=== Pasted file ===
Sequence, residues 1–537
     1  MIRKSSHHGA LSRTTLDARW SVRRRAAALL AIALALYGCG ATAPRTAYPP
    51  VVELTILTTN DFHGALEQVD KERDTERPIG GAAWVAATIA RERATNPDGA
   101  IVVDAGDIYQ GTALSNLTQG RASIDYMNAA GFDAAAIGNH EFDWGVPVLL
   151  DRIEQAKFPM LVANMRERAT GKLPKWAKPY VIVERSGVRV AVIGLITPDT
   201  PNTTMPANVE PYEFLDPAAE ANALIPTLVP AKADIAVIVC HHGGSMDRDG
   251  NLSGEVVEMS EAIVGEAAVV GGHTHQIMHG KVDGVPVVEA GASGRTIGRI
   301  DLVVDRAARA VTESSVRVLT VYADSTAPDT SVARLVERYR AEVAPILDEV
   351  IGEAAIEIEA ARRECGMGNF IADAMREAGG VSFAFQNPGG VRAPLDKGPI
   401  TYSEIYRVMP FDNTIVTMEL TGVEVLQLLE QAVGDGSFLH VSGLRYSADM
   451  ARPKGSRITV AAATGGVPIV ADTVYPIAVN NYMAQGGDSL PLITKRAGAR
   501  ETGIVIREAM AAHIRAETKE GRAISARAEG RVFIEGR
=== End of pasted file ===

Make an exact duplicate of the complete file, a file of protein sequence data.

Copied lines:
Sequence, residues 1–537
     1  MIRKSSHHGA LSRTTLDARW SVRRRAAALL AIALALYGCG ATAPRTAYPP
    51  VVELTILTTN DFHGALEQVD KERDTERPIG GAAWVAATIA RERATNPDGA
   101  IVVDAGDIYQ GTALSNLTQG RASIDYMNAA GFDAAAIGNH EFDWGVPVLL
   151  DRIEQAKFPM LVANMRERAT GKLPKWAKPY VIVERSGVRV AVIGLITPDT
   201  PNTTMPANVE PYEFLDPAAE ANALIPTLVP AKADIAVIVC HHGGSMDRDG
   251  NLSGEVVEMS EAIVGEAAVV GGHTHQIMHG KVDGVPVVEA GASGRTIGRI
   301  DLVVDRAARA VTESSVRVLT VYADSTAPDT SVARLVERYR AEVAPILDEV
   351  IGEAAIEIEA ARRECGMGNF IADAMREAGG VSFAFQNPGG VRAPLDKGPI
   401  TYSEIYRVMP FDNTIVTMEL TGVEVLQLLE QAVGDGSFLH VSGLRYSADM
   451  ARPKGSRITV AAATGGVPIV ADTVYPIAVN NYMAQGGDSL PLITKRAGAR
   501  ETGIVIREAM AAHIRAETKE GRAISARAEG RVFIEGR